She suggested I warn our blog readers, and I thought that was a great idea!

I hope this story opens the eyes of many Twin Tiers drivers who were not aware of the law, and serves as a stark reminder to those who have heard of the law but did not know the specifics.

The Ambrose-Searles Move Over Law, which went into effect on Jan. 1, 2011, is named in honor of New York State Trooper Robert W. Ambrose and Onondaga County Deputy Sheriff Glenn Matthew Searles, who were killed by vehicles while helping motorists. The law is designed to protect law enforcement and emergency workers.

In 2012, the law was amended to include tow and service-vehicle operators.

When approaching these vehicles that are stopped, parked or standing on the shoulder, drivers are required to:

  • Reduce speed.

  • Move to an open lane (unless they cannot do so safely).

Read the full text of the law here.

The penalties are stiff:

It’s a moving violation and three points on your license. (It was two points in 2011, but increased to three points when the law was revised in 2012.)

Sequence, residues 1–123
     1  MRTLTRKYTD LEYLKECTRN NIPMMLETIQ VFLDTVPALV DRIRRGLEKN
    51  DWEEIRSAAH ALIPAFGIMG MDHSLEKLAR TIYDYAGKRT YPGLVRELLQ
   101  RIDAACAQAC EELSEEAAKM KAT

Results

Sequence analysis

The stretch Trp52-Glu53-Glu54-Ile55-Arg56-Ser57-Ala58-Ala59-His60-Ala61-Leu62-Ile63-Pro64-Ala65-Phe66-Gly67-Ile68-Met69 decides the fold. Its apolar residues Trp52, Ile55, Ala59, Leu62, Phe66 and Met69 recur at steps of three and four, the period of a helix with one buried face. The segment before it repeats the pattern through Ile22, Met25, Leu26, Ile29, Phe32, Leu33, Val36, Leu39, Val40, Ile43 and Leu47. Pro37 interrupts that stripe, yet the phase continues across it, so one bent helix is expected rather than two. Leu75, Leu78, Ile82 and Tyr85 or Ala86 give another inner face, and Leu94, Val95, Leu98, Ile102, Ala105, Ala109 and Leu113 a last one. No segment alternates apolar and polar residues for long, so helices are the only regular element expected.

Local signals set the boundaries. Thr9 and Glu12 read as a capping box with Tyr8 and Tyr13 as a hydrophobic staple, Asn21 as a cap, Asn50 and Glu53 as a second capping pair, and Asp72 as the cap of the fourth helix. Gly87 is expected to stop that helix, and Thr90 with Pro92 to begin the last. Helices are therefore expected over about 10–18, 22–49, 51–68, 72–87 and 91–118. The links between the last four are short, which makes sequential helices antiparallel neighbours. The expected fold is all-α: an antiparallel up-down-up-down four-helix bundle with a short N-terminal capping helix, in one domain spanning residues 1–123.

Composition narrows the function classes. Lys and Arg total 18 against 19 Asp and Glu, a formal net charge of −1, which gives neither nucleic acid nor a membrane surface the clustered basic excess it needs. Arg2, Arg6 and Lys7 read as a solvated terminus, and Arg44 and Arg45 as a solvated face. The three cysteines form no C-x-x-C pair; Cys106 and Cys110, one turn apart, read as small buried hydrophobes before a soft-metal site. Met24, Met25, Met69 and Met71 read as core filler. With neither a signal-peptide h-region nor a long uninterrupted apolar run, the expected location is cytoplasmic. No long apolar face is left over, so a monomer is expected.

The fine is $275 PLUS a state surcharge (tax).

If you have two violations of this law in an 18-month period, the state DMV slaps you with a Driver Assessment Fee, which STARTS at $300 and could go up from there.

So the next time you approach an emergency vehicle or service vehicles helping motorists, SLOW DOWN AND TRY TO GET OVER INTO THE NEXT LANE.

If it’s not possible to get over, give them as much room as you can and go slowly.


Thanks for reading, and take it slow out there!



James B. Reed
NY & PA Injury & Malpractice Lawyer
Ziff Law Firm, LLP
Office: (607)733-8866
Toll-Free: 800-ZIFFLAW (943-3529)
Blogs: and



NY and PA Accident Lawyer: Do You Have Enough Car Insurance?

Be sure to check your car insurance policy to be sure you have enough coverage in case you have an accident.

The recent fight between Progressive Insurance and the family of a Progressive customer who was killed in a car accident has drivers everywhere dusting off their insurance policies, wondering whether they have enough insurance.  It is a great question to ask yourself and I generally recommend that most people carry at least $250,000 of both liability AND SUM (under-insured) coverage.

In a recent New York Times Your Money column,“How To Know If You Have Enough Car Insurance,” columnist Ron Lieber looked at drivers’ options from a financial vs. safety standpoint. His question to readers: Do you want to gamble on an inexpensive policy and leave yourself open to staggering bills from a car accident?